Results of Experiment 3: Mean initiation times (IT, left panel), movement times (MT, center panel), and overall response times (RT, right panel), in milliseconds, shown separately for cue–go intervals (CGI; abscissa) and R-E mappings (continuous line = compatible; dashed line = incompatible). Each value is depicted with the corresponding standard error of the paired differences (SEPD), calculated separately for each CGI (Pfister & Janczyk, 2013). Bars indicate the sizes of the compatibility effects per CGI, with their SEMs

Initiation time

First, we found a significant main effect of CGI, F(3, 19) = 90.83, p < .001, ηp2 = .94, with faster responses after longer response preparation. Responses were also faster in the compatible condition (359 ms) than in the incompatible condition (445 ms), F(1, 21) = 30.60, p < .001, ηp2 = .59. Crucially, the interaction between CGI and R-E mapping was significant, F(3, 19) = 7.28, p = .002, ηp2 = .54, with smaller R-E compatibility effects after longer CGIs (141 ms after the shortest CGI, 38 ms after the longest CGI), with sizeable R-E compatibility effects for each individual CGI, ts > 2.67, ps < .014 (Fig. 6, left panel; note that a Bonferroni-corrected alpha level would correspond to α/4 = .05/4 = .0125, with all effects being significant when assessed with the sequential Bonferroni–Holm procedure).

Movement time

The main effect of R-E mapping was marginally significant, F(1, 21) = 3.89, p = .062, ηp2 = .16, with faster responses in the compatible condition (364 ms) than in the incompatible condition (389 ms). Both CGI and the interaction between CGI and R-E mapping failed to reach significance, Fs < 1.24, ps > .323 (Fig. 6, center panel).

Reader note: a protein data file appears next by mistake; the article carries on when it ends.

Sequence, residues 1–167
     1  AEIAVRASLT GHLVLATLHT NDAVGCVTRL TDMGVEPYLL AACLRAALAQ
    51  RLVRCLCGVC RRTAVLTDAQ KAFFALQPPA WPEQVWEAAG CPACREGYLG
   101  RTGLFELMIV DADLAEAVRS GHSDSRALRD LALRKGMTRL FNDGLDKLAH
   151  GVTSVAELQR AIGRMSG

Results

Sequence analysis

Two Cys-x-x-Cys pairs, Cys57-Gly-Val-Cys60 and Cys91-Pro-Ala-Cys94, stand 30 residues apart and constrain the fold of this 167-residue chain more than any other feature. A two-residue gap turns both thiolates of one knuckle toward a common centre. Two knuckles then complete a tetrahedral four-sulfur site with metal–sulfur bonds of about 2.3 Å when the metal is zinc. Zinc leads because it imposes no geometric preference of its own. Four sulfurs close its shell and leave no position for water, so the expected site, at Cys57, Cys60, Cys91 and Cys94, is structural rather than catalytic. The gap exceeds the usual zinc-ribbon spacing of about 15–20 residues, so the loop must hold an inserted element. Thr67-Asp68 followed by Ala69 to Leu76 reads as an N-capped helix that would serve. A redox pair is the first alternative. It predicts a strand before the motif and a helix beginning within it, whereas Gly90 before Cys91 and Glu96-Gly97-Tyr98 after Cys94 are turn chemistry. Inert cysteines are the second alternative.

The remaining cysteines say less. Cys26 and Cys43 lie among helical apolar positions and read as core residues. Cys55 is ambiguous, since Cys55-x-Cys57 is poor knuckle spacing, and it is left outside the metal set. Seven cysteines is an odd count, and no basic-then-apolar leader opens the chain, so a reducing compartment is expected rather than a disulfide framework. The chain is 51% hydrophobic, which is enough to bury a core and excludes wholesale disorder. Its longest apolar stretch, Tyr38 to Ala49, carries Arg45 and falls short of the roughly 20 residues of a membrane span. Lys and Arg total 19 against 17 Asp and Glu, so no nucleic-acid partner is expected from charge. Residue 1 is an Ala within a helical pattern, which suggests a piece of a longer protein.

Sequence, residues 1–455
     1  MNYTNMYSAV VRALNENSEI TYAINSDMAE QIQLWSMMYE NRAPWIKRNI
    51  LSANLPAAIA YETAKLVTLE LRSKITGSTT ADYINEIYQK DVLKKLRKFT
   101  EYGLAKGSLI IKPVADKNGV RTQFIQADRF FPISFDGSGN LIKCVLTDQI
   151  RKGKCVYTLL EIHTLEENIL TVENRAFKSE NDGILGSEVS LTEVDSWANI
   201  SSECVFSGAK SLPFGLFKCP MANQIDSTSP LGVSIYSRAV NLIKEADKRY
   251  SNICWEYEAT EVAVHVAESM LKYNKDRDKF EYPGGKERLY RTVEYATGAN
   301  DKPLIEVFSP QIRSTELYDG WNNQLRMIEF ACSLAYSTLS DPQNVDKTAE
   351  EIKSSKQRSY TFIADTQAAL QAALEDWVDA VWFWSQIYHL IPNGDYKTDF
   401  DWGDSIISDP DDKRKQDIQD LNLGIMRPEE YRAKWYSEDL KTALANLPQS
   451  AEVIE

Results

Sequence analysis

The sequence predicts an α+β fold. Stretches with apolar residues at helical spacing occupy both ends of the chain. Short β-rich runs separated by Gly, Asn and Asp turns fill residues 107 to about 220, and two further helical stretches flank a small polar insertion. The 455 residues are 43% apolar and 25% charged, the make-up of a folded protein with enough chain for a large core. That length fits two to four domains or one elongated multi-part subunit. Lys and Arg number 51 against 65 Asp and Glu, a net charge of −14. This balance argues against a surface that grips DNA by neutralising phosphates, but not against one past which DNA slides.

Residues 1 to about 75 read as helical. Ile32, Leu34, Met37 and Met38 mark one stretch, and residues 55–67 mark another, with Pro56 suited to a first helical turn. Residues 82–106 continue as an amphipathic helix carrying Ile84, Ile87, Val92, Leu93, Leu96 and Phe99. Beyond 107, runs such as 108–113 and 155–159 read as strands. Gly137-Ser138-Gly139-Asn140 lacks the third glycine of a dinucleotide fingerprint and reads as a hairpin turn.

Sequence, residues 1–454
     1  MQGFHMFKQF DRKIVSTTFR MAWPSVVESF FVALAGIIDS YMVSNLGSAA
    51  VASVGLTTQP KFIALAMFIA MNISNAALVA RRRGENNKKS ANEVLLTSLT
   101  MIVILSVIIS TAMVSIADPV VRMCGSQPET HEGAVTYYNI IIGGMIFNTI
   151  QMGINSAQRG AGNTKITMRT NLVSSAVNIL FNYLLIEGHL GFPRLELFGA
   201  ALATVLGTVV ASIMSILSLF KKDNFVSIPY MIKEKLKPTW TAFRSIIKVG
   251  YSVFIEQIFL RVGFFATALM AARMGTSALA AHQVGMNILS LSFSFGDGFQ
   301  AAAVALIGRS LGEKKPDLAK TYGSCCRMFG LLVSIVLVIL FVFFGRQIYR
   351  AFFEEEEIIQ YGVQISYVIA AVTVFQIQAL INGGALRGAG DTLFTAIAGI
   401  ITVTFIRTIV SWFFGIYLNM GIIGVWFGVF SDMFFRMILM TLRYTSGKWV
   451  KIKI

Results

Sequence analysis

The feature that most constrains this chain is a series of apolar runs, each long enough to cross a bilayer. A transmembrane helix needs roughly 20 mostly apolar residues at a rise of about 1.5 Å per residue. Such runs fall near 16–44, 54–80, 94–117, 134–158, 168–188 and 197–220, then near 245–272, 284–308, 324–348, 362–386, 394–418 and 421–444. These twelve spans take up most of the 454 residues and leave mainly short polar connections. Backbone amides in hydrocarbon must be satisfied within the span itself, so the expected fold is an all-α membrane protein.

Response time

First, we observed a significant main effect of CGI, F(3, 19) = 76.51, p < .001, ηp2 = .92, with faster responses after longer response preparation. The main effect of R-E mapping was also significant, F(1, 21) = 27.23, p < .001, ηp2 = .57, with faster responses in the compatible condition (723 ms) than in the incompatible condition (835 ms). Crucially, the interaction between CGI and R-E compatibility again was significant, F(3, 19) = 8.17, p = .001, ηp2 = .56, with smaller R-E compatibility effects after longer CGIs (177 ms after the shortest CGI, 58 ms after the longest CGI) and a significant R-E compatibility effect for each individual CGI, ts > 2.65, ps < .015 (Fig. 6, right panel).

Discussion